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Matthew Jones
Thu, May 18 2017 9:57 AMPermanent Link

Mark Brooks

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>>"Matthew Jones" wrote:
>>I don't think I agree. If you have an object that is complex, with children and links to other things, you might want to >>keep those existing properties. I can't see how it would know well enough to give you a sensible default. Whereas >>object creation does indeed set up the defaults as you want them.

I think that's wrong for PUBLISHED properties. You can have what you want elsewhere in the class, but these are specifically the ones that get serialised to and from JSON. They should therefore reflect the JSON post-serialisation surely? That's certainly how c# (boo, hiss) etc seem to work.
Thu, May 18 2017 10:07 AMPermanent Link

Matthew Jones

Mark Brooks wrote:

> That's certainly how c# (boo, hiss) etc seem to work.

You may me go and look, because the way I've used it just gets me the object from scratch. This though implies it leaves the contents as is, and adds to it:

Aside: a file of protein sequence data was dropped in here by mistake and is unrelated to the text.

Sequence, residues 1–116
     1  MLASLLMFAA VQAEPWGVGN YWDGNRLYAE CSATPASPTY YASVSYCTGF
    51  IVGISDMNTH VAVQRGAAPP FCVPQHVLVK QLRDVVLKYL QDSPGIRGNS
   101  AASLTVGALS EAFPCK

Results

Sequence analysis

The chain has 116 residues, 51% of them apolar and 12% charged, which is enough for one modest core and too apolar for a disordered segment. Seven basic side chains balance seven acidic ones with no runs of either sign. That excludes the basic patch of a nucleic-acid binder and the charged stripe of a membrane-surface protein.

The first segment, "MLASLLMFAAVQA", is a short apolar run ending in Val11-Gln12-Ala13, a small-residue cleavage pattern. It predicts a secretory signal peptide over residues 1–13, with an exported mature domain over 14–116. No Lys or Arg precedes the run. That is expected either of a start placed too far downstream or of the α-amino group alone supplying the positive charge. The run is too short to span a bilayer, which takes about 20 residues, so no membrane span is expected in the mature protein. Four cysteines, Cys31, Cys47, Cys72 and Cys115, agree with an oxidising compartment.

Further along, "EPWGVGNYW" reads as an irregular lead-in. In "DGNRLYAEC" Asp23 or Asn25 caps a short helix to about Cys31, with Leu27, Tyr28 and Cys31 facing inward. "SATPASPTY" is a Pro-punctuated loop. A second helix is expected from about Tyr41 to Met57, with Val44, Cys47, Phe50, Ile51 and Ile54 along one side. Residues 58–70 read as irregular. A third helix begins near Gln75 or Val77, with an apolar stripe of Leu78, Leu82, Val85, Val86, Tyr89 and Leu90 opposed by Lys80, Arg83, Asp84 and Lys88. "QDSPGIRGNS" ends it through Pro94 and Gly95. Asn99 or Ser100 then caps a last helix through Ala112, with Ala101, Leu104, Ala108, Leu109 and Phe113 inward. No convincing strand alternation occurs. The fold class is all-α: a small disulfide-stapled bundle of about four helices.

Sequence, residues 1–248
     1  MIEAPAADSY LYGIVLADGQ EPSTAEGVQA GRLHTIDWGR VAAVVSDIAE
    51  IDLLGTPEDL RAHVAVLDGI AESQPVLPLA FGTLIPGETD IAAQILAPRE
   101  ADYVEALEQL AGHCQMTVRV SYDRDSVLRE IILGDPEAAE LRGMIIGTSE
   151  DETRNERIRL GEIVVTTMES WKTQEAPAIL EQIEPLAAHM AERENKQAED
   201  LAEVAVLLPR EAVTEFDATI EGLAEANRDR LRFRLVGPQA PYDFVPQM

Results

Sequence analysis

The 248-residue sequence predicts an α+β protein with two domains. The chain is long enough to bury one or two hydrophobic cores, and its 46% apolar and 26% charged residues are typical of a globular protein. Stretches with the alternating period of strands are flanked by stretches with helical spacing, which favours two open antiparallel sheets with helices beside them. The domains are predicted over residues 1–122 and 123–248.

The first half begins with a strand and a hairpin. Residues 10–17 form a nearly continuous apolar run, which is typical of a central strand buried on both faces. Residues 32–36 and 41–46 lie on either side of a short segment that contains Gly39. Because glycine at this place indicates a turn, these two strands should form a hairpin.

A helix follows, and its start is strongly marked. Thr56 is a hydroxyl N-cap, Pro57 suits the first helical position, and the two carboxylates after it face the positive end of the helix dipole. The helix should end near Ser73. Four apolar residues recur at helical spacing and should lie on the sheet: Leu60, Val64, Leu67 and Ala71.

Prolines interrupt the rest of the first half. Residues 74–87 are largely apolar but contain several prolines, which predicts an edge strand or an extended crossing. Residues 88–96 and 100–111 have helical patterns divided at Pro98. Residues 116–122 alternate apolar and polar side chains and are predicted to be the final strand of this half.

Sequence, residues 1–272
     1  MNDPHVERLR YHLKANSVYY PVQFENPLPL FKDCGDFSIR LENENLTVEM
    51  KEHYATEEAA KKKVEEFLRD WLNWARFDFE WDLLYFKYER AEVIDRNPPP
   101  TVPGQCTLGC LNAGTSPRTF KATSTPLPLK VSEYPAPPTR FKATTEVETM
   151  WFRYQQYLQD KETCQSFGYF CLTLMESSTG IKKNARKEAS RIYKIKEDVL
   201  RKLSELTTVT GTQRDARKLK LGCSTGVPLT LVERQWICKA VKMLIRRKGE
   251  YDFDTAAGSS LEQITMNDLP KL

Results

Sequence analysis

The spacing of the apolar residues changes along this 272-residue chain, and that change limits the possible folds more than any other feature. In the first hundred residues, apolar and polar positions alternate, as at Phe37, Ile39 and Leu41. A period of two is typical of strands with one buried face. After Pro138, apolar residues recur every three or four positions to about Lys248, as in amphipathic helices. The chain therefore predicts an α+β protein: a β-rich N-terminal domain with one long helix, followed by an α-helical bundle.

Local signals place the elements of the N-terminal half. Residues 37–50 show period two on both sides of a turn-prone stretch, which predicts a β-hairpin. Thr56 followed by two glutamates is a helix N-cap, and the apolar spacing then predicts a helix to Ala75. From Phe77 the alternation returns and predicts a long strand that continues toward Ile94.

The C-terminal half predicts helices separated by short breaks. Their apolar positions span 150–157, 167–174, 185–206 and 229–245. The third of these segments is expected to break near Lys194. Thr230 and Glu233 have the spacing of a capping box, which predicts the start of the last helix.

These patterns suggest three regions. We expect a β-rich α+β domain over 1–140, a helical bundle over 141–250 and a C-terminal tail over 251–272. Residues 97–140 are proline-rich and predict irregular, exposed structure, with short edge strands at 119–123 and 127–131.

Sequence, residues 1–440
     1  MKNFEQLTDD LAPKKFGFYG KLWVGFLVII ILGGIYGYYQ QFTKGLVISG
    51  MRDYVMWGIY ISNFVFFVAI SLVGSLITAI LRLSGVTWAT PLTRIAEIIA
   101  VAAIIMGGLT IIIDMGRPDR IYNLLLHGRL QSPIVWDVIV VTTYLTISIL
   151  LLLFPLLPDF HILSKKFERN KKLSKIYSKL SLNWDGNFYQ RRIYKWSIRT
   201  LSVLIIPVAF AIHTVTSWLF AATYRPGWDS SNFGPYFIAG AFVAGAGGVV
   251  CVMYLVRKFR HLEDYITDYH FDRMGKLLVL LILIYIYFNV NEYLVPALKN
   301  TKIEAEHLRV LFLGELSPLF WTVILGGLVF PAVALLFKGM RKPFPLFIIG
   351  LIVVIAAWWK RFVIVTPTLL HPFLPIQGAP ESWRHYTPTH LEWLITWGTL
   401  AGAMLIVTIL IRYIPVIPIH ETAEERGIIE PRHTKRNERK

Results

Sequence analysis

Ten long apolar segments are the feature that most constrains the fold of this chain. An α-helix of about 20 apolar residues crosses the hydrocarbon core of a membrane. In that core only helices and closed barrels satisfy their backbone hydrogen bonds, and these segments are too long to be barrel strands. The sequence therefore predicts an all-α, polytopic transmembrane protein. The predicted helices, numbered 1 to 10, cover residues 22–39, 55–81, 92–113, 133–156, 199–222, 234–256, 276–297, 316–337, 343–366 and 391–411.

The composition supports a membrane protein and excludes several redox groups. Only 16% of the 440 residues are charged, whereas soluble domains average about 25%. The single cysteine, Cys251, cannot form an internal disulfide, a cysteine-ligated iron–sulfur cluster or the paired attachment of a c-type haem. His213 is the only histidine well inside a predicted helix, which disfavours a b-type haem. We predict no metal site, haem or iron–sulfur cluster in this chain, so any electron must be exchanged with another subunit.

http://www.newtonsoft.com/json/help/html/PopulateObject.htm



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Matthew Jones
Thu, May 18 2017 10:42 AMPermanent Link

Mark Brooks

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>>"Matthew Jones" wrote:
>>You may me go and look, because the way I've used it just gets me the object from scratch. This though implies it >>leaves the contents as is, and adds to it:

I believe it can be setup this way, although I am no expert. The guys I work with are however (allegedly). The other side issue is the (potentially) large amount of additional JSON that needs to be returned for fields that essentially have no (or the default) value.
Thu, May 18 2017 11:51 AMPermanent Link

Matthew Jones

Mark Brooks wrote:

> The other side issue is the (potentially) large amount of additional JSON that needs to be returned for fields that essentially have no (or the default) value.

Well obviously it isn't down to me to choose, but the solution is simple, and allows for both modes. No one is saying you have to send more data.